3. I think this a great blog because this problem of state and religion still affects America today. I agree with Natalie when talking about LBGT rights and abortion. If here in America we state that religion and state don’t mix then why are these issues such issues? This is because of the politicians religions and the people voting. It becomes very hard to separate ones personal feelings for whats best for the country as a whole. For example my religion does not believe in gay marriage, but as far as if I think gay marriage should be allowed, I absolutely do. I separate my religious views from my political views, because political views affect more than just me. I really think that every country struggles with this and it will be a while before we will see dramatic change in this area.

  4. Very good points Lynn. It seems that even though the current political system of Lebanon was set up with good intentions to maintain equality and make sure each group has their own voice in the political actions of their government, it has long since outlived its usefulness. In order to achieve the overall goal of what this system was originally meant for, changes do need to occur and Lynn’s belief in separating religion and state seem like the best option. State and religious ideas of justice are not as dissimilar as we might think. The emphasis needs to be in the intercultural dialogue to find the common grounds and push forward instead of being held at a stand still because of constant conflict over what the president believes instead of what the president and Lebanese people can accomplish together.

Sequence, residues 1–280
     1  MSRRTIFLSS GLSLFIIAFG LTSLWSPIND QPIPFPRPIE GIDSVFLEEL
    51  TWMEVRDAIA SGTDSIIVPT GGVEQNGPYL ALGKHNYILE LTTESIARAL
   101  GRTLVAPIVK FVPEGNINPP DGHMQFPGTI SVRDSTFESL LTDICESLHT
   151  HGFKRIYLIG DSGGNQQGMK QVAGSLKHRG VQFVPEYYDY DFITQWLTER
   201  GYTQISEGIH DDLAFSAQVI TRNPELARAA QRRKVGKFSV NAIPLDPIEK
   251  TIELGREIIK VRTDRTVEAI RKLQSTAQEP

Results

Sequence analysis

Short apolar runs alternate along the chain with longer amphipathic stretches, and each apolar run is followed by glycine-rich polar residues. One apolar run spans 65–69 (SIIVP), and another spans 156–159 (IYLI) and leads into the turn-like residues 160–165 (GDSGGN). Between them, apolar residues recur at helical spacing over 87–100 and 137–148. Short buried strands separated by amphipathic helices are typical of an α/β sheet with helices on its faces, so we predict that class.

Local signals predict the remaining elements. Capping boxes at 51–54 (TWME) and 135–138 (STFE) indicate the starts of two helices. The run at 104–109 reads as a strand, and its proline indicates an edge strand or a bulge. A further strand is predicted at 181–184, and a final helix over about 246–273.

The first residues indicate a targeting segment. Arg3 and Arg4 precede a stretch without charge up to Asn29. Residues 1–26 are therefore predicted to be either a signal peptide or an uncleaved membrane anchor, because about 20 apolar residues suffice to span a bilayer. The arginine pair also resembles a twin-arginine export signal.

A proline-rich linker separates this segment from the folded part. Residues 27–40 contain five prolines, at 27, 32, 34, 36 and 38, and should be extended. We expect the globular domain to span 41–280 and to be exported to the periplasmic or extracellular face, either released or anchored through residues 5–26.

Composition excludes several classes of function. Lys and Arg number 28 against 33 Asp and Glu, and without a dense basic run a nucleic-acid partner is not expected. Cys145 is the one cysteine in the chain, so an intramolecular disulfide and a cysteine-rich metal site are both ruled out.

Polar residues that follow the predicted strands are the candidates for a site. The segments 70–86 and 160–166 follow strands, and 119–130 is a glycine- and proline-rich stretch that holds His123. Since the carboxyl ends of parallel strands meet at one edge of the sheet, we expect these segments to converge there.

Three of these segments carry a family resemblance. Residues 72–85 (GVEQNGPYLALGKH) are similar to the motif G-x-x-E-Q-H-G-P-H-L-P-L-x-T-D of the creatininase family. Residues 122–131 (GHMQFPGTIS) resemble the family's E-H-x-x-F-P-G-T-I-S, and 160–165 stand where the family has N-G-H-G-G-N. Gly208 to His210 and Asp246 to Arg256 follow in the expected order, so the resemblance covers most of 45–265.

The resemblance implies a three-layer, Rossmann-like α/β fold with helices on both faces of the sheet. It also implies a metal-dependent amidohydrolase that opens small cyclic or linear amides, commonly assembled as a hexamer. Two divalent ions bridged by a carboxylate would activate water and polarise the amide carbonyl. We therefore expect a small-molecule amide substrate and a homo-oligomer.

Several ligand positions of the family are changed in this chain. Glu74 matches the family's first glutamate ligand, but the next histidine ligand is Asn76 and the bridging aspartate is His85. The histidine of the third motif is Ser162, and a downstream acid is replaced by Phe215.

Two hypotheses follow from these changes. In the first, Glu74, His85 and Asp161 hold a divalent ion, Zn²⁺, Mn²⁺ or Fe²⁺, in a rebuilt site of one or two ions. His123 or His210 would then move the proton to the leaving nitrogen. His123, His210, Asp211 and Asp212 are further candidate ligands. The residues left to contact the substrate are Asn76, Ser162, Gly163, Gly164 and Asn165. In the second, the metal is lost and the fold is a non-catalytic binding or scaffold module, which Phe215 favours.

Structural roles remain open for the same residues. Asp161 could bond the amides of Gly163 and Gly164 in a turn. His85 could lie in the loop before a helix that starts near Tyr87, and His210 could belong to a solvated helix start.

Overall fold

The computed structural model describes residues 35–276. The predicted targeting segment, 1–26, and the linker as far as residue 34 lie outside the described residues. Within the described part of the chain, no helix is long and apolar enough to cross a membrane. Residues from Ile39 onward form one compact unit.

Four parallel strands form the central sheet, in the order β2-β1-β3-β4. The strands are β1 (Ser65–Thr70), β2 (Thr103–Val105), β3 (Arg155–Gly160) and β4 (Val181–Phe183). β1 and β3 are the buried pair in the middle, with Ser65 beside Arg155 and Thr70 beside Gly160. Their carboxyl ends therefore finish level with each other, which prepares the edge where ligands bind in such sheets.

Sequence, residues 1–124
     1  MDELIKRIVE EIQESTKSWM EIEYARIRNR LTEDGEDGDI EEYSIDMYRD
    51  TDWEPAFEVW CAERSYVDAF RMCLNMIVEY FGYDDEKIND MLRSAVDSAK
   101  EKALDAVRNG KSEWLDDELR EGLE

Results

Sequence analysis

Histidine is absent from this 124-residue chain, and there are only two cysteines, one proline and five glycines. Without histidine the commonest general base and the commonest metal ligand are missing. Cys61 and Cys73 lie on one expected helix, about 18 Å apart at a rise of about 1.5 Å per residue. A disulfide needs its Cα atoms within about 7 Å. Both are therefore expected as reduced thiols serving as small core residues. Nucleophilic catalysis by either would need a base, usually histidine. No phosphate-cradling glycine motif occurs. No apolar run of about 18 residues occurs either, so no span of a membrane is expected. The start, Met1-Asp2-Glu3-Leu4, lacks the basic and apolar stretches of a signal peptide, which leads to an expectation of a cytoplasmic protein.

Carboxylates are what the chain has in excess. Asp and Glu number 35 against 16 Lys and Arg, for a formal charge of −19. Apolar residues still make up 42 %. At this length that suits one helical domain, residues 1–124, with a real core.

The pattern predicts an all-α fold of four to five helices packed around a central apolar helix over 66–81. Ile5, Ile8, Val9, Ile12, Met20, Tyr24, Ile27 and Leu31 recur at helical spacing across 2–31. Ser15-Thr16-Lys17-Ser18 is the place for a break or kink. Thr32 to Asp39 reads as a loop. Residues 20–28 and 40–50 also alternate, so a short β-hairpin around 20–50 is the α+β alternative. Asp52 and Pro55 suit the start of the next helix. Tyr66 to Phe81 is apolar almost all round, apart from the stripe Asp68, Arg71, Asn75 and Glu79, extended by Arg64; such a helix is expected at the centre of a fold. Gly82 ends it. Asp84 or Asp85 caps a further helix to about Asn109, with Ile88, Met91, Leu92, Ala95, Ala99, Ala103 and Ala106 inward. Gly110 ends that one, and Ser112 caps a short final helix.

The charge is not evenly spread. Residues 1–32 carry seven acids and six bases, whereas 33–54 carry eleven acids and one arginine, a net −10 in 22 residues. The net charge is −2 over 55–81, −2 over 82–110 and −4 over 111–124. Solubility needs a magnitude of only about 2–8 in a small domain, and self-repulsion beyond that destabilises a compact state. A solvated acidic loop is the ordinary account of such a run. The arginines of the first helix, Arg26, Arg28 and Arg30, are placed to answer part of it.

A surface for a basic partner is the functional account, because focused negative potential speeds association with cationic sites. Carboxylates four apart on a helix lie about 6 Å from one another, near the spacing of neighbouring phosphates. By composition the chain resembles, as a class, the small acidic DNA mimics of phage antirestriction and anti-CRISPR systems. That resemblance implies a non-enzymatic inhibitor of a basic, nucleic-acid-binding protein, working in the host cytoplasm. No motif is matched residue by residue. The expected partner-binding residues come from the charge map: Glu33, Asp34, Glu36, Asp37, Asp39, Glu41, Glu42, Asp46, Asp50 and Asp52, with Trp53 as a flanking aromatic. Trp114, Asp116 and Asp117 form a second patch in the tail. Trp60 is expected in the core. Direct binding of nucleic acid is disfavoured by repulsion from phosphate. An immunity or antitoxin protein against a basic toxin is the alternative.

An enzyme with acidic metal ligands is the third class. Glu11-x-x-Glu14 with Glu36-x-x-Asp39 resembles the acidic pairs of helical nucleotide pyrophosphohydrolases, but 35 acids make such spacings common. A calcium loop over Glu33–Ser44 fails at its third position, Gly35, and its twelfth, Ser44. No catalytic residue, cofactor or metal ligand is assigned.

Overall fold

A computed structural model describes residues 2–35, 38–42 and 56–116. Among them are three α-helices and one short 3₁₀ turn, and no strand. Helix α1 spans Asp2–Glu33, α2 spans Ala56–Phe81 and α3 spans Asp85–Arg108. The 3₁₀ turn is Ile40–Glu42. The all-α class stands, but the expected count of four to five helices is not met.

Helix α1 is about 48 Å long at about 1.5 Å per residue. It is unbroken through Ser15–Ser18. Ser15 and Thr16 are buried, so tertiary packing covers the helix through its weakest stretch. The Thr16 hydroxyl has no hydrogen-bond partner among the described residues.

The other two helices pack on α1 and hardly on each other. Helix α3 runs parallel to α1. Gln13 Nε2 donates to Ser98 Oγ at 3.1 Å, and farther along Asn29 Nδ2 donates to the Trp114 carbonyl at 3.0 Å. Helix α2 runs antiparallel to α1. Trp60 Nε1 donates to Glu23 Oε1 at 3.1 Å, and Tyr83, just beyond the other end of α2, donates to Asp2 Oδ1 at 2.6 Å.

5. Kelcie I really like the point that you made that you separate your religious and political views because you acknowledge that these issues affect more than just you. I wish more people realized that!! Although I feel the U.S. is moving towards a more secular ideology as a whole when it comes to the issue of separation of Church and State I still wonder if we will ever become secular enough that the people would elect an atheist president. What do you guys think??

  6. The point here is for people to no longer ask about the president’s religion or whether he is an atheist or not, the point is that the religious matter is considered as a personal belief not need to be discussed among political groups. I see nothing that is so essential for religion and state to stay connected.

  7. I found it so interesting to think about the potential of an atheist president and to read your response Lynn. As I thought about it personally, I wondered how this could happen. How can we have a president who we don’t know his or her religion? Wouldn’t it be obvious of his beliefs and vital to our knowledge? But as I continued my thoughts, when I look at a president, my questions are in regards to their values, abilities, honesty, dignity, and true concern for the people. Religion does not fit that list. Whether or not they believe in a god or twenty gods, that president can still hold the position with the people’s best interest in mind, make decisions that better the country, fix healthcare, lower taxes and all of the other common topics, religion aside. This realization was honestly surprising to me and I think this is where our country has improvements to be made. We have heard for so long that religion is separate, but still matters. Of course it matters on a personal level, but on a professional level, ethics matter. If you are a capable and successful president you are just that, no religious description needed.

  8. my religion does not set up who i am, perhaps only my belief, or at a lot of times it is only a word that completes empty spaces on my identity, yet I have worked hard all my life to become the person i now am. For that, whether as a president or just a student, I have the right not to be classified.